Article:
3.01 The Birthday
- "Stop looking for him. Stop waiting for him to come home. Just stop. Stefan is gone and he’s not coming back. Not in your lifetime."
- —Damon to Elena
Original air date: September 15, 2011
Written by: Kevin Williamson and Julie Plec
Directed by: John Behring
Guest cast: Dawn Olivieri (Andie Star), David Gallagher (Ray Sutton), Cherilyn Wilson (Samara), Sarah Cooper (Keisha), Lilly Roberson (Sofie), Diany Rodriguez (Claudine)
Previously on The Vampire Diaries: Paul Wesley
It’s Elena’s 18th birthday: Caroline throws her a massive party, Damon tracks down his brother, and the birthday girl’s wish actually comes true.
When season 2 of The Vampire Diaries ended, Stefan had sacrificed himself to save his brother, agreeing to be Klaus’s wingman in exchange for some precious werewolf-bite healing blood. With “The Birthday,” we meet Stefan two months into his sentence and he’s not the man who left Mystic Falls. He’s a ripper. The horror-movie-style opening sequence lets us know that Stefan’s heroic act has made him a villain: he kills those two women at Klaus’s command and, before the day is done, has tortured a werewolf and killed Andie Star, who he used to be concerned about. The writers make it clear from the top: this is not your season 2 TVD.
The jump ahead in time is one of many ways this episode signals a new beginning for the series; most notably “The Birthday” marks Elena’s official entry into adulthood as she turns 18. But hitting this milestone day on the calendar doesn’t mean the past will be easily forgotten. In Mystic Falls, the characters struggle in various states of limbo until they ultimately force themselves to choose between letting go or holding on. Despite trying their darndest to be normal and boring, their attempts to cover up the messy truth fail when they pretend to be something they’re not. Elena sucks at being the chipper birthday party girl, Jeremy’s mundane existence at the Grill is punctuated with ghostly visitors, Caroline and Tyler can no longer deny their physical attraction, Alaric feels like a fraud acting as a guardian to the Gilbert kids, Damon has been hiding his search for his brother from Elena, and Stefan’s ripper act isn’t as convincing to Klaus as he thinks it is. Even Klaus himself puts on an American accent, telling the suspicious Floridian that he’s not a serial killer.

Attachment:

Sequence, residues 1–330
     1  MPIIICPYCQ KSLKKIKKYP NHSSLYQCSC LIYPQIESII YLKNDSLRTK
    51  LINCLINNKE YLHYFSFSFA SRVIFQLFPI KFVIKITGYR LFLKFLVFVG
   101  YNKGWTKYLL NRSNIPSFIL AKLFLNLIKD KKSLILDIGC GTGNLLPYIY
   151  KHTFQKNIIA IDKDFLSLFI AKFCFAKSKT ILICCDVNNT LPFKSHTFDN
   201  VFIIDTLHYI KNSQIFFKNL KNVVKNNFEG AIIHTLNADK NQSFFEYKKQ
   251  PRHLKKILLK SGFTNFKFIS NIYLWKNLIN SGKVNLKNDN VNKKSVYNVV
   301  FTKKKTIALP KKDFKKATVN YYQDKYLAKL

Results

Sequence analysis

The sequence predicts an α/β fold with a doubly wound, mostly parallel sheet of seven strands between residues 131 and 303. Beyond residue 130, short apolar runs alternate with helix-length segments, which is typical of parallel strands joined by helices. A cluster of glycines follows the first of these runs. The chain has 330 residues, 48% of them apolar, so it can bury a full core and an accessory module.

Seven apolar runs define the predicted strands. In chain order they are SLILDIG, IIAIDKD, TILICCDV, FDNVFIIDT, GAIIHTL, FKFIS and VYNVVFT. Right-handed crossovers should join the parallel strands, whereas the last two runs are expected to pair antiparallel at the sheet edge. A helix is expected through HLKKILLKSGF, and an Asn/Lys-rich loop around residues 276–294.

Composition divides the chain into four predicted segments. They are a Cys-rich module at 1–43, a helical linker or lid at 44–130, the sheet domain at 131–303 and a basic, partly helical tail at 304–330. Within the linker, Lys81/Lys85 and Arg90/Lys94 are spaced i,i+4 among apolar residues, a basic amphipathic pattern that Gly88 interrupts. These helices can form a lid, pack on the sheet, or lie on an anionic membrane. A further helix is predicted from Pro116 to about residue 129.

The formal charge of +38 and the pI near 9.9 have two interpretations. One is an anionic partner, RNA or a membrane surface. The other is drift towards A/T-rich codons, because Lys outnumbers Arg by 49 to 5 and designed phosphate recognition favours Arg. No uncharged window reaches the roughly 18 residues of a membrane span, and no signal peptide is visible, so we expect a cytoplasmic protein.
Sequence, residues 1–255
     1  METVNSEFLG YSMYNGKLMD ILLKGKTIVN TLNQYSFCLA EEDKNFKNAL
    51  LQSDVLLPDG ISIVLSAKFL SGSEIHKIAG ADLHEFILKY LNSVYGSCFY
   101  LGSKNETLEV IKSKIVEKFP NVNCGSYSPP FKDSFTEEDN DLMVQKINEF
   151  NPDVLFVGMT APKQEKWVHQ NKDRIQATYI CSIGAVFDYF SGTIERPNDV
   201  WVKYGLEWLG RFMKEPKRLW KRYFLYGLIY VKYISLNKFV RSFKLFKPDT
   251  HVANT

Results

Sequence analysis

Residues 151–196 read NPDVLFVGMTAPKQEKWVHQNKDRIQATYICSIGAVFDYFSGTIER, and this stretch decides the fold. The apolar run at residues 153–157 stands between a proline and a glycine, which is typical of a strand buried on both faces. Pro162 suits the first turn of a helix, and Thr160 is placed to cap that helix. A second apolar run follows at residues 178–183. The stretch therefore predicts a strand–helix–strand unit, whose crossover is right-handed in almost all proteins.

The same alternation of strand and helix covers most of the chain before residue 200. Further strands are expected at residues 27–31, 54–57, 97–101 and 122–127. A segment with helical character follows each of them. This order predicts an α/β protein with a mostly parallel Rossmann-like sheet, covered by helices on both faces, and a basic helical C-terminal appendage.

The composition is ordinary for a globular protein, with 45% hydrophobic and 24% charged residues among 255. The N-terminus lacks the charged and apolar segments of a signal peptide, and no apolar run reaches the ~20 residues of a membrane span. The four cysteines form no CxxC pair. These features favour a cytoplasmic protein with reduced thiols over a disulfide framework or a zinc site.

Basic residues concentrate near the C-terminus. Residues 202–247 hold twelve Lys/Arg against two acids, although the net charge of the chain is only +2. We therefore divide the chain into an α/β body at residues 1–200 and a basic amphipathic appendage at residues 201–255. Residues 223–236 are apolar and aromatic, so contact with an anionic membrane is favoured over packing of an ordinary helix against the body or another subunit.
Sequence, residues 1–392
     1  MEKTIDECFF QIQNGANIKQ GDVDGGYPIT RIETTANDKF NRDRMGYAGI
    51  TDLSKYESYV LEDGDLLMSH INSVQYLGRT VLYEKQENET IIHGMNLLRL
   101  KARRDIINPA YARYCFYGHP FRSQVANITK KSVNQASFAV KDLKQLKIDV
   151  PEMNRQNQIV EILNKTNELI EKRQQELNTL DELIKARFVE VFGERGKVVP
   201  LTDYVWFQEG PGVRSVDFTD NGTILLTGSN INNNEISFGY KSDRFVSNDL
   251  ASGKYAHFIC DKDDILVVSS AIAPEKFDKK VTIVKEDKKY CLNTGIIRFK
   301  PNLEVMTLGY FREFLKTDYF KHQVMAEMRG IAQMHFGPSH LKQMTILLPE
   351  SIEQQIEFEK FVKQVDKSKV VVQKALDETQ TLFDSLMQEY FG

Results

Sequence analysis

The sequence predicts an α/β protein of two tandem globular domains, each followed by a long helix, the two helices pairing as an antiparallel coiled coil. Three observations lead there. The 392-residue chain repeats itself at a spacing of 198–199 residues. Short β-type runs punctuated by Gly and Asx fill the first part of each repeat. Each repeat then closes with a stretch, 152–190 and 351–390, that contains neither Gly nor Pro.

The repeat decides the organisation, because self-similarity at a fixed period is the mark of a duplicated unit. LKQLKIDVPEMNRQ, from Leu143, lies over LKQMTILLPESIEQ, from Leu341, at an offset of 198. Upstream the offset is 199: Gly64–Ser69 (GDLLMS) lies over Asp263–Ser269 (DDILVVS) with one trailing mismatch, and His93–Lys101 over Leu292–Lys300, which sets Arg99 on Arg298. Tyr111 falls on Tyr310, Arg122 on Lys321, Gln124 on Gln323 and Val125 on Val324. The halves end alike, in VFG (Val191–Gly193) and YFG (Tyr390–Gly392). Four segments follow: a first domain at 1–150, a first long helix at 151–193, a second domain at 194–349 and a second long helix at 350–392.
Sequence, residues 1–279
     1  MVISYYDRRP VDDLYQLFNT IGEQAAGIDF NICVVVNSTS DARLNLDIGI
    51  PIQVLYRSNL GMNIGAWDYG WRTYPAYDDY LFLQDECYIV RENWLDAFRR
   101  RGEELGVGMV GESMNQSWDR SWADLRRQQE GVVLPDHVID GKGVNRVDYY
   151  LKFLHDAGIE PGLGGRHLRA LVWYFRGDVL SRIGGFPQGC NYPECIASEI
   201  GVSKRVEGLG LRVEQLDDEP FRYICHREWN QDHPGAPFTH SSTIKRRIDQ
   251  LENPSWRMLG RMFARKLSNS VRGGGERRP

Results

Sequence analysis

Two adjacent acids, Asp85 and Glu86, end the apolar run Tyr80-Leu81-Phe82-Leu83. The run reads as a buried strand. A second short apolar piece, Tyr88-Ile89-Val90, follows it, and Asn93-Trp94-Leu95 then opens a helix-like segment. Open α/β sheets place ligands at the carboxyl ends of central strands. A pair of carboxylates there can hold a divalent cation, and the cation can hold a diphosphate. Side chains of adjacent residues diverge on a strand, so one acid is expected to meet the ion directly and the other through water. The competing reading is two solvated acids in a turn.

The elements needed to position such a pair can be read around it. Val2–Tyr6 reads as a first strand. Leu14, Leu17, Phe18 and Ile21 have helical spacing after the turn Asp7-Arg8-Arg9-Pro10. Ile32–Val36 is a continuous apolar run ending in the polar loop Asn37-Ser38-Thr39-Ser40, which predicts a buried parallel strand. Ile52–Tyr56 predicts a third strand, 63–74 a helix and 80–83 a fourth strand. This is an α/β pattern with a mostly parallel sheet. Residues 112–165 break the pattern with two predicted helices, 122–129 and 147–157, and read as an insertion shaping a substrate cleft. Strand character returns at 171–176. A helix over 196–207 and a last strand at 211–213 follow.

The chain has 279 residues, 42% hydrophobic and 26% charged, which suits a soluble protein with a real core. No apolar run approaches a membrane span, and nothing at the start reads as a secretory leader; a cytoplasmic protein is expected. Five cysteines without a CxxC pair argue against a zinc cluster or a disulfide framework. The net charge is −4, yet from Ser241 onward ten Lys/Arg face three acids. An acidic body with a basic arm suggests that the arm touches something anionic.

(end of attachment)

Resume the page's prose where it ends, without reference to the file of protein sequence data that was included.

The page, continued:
While no one has an easy time letting go of the past, for Jeremy, it’s ever present. His past is literally haunting him and he’s been holding on to a huge secret all summer. Until he opens up to Matt after the party, he is alone with a terrifying reality: Anna and Vicki appearing to him as a result of Bonnie bringing him back to life. Jeremy’s been playing at normalcy, but judging from his reluctance to get out of bed and his pot-smoking at the party, he’s regressing to his season 1 stoner self instead of dealing with his supernatural problem. In the same way that Elena is drifting, purposeless except in her hunt for Stefan, Jeremy is in a kind of limbo, just like Vicki and Anna. Matt describes Jer as on a “downward spiral” and himself as “out of it”; neither one knows where they fit in the new supernatural normal. Though Jeremy opens up to Matt, Matt isn’t ready (or sober enough) to hear that Vicki’s ghost is real and not imagined, a product of Jeremy’s grief.
While Jeremy’s exes interrupt his phone conversation with his current ladylove, Bonnie, Matt has to deal with watching his own ex dance around a relationship with his best friend. Matt reminds Caroline that she and Tyler are supposed to be, like, mortal enemies; as much as this werewolf and vampire duo act like everything’s normal, they’re actually quite subversive with their inter-species relationship. The tension between these two supernaturally horny teenagers is palpable, and the payoff a racy kickoff to season 3. But Werewolf Road and Vampire Boulevard may not meet again if Carol Lockwood has anything to say about it. Though Sheriff Forbes has changed alliances — she’s feeding information about vampire attacks to Caroline and company to help them find Klaus and Stefan — in the wake of her breakthrough with her daughter in “As I Lay Dying,” the acting mayor of Mystic Falls is still maintaining the old founding family philosophy: vampires are the enemy.
The self-proclaimed “chaperone teacher from hell,” Alaric Saltzman has been living in his own limbo: on the couch for the two months since Jenna was killed in the sacrifice, drinking excessively and feeling like a bad role model and an unfit guardian to Jeremy and Elena. In a heartbreaker of a scene, he tells Elena it’s time she take care of herself, and he leaves, a man broken by the relentless tragedies he’s suffered. Alaric may have moved out, but he hasn’t moved on; his grief and disconnection just have a new address. Though Elena still has her little brother (and his adorable birthday drawing), she feels very much on her own, holding down the Gilbert fort and holding on to hope that Stefan will come home — in her lifetime.